In the shadow of doubt
Review of Unbelievers: an Emotional History of Doubt by Alec Ryrie.
How did the West turn away from Christian faith? Beginning in the 18th century philosophers and scientists made it difficult to believe in God; by the 1960s, pop culture caught up to their earlier intellectual attacks. And thus we Christians find ourselves today in a thoroughly secular society. Or so goes the usual answer.
Not quite, counters the British historian Alec Ryrie. “What if people stopped believing and then found they needed arguments to justify their unbelief?” he asks. With wit, charm and deep learning, Unbelievers offers an alternate account of how the West lost faith, which gives priority to the heart over the head and highlights the role of anger and anxiety in moving ordinary people to reject faith. For Ryrie, the story of unbelief begins in the Middle Ages, where anger against the church and anxiety about the truth of various Christian teachings bubbled under the surface of a devout society. During the Reformation anger and anxiety exploded as outright unbelief. Protestants fanned the flame of popular anger toward moral corruption within the Catholic church, and both sides provoked anxiety by encouraging scepticism about the authority of the church (for Catholics) or the Bible (for Protestants). Furthermore, Catholics and Protestants pursued a risky strategy in encouraging Christians to move from nominal to devout faith. For what happens if you don’t have “enough” faith to be saved? “I cared not for Heaven so I might not go to Hell” said one man of that age, whose despair sank him into unbelief. Only in the late 17th century did intellectuals begin to formulate logical arguments for an unbelief that had already flowed into the mainstream of European culture on an emotional current of anger and anxiety.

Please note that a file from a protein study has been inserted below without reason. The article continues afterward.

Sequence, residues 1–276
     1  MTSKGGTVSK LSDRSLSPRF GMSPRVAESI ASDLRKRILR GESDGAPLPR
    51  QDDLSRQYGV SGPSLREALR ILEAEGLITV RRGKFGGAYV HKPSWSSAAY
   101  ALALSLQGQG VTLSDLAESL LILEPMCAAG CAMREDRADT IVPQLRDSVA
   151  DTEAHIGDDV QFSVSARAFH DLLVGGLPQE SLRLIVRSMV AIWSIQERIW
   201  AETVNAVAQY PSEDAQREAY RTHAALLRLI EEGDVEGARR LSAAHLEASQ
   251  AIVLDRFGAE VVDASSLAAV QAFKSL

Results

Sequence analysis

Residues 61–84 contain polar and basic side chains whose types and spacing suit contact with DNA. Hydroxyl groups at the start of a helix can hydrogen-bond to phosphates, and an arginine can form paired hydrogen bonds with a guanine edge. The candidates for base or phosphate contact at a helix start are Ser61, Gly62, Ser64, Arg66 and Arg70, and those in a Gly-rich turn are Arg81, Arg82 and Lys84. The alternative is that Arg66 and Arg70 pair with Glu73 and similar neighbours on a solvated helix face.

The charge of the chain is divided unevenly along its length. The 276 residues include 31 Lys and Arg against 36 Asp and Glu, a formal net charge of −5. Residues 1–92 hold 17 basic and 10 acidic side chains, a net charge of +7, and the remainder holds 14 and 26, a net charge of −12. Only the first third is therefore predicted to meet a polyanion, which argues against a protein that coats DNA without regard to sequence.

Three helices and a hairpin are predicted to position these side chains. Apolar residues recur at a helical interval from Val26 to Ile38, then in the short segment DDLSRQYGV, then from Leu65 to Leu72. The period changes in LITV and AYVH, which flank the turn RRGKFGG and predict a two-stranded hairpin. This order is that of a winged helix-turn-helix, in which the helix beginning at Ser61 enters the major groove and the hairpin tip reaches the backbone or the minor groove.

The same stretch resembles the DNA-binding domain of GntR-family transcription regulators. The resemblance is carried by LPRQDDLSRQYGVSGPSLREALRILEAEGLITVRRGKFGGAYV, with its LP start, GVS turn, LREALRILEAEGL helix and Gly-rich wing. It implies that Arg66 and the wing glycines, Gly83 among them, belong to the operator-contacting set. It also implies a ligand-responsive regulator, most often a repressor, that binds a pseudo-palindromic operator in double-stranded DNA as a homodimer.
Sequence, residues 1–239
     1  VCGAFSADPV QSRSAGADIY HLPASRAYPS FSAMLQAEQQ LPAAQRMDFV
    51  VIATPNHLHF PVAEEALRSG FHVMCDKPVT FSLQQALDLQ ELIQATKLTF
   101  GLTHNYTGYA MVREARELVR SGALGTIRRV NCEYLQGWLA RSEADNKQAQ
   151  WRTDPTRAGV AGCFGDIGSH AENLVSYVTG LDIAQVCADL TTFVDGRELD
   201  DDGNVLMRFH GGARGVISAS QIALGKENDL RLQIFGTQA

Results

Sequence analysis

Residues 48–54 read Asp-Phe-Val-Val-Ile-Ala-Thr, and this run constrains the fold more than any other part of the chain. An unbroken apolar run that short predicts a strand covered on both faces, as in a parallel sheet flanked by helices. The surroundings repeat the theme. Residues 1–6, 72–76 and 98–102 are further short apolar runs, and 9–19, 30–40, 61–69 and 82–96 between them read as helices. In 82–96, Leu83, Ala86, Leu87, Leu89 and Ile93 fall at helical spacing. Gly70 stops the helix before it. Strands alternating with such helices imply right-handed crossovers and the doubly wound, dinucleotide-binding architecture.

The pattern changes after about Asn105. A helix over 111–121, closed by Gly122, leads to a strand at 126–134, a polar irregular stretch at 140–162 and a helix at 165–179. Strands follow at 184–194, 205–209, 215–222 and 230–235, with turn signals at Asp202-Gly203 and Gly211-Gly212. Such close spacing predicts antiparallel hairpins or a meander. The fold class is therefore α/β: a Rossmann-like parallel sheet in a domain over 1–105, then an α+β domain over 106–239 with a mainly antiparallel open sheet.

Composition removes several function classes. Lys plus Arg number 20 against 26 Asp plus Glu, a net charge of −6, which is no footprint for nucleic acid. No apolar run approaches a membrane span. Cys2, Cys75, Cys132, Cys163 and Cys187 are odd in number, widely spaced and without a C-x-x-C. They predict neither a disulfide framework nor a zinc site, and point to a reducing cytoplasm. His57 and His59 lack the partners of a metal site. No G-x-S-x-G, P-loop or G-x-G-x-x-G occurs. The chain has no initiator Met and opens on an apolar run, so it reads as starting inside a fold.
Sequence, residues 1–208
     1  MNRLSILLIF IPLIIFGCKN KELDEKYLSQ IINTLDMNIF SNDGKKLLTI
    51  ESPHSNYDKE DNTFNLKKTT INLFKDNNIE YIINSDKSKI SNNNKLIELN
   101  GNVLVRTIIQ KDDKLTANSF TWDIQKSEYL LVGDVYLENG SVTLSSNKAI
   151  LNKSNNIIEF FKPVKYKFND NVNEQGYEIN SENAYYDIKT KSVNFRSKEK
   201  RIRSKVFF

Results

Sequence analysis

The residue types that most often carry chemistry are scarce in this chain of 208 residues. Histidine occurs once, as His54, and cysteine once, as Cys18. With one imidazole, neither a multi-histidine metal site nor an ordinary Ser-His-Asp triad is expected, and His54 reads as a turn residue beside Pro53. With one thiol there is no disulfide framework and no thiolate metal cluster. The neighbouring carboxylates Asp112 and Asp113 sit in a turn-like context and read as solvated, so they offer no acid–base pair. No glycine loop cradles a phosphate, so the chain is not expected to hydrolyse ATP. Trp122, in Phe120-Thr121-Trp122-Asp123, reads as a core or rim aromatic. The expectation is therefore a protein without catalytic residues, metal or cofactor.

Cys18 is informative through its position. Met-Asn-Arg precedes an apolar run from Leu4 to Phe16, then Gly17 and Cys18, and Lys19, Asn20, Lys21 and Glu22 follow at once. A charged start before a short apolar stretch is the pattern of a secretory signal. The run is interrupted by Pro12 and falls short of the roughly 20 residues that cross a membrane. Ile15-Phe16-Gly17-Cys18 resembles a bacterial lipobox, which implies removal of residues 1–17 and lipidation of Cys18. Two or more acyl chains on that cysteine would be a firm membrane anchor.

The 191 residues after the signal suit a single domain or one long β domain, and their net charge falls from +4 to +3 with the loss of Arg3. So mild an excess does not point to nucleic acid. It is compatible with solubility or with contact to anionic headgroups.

Unbelievers is a superb work of history deserving of a wide readership – and not just among other historians. It’s chock-full of relevant insights for Christian believers seeking to understand our time and place. If Ryrie’s creative and rigorous account of the emergence of our post-religious society is correct, Christians need to rethink atheism and theism, faith and doubt, less as opposites than as intertwined; we need to respect the moral earnestness of many unbelievers; and we need to reflect on how to commend faith to speak to the heart and imagination rather than just the intellect.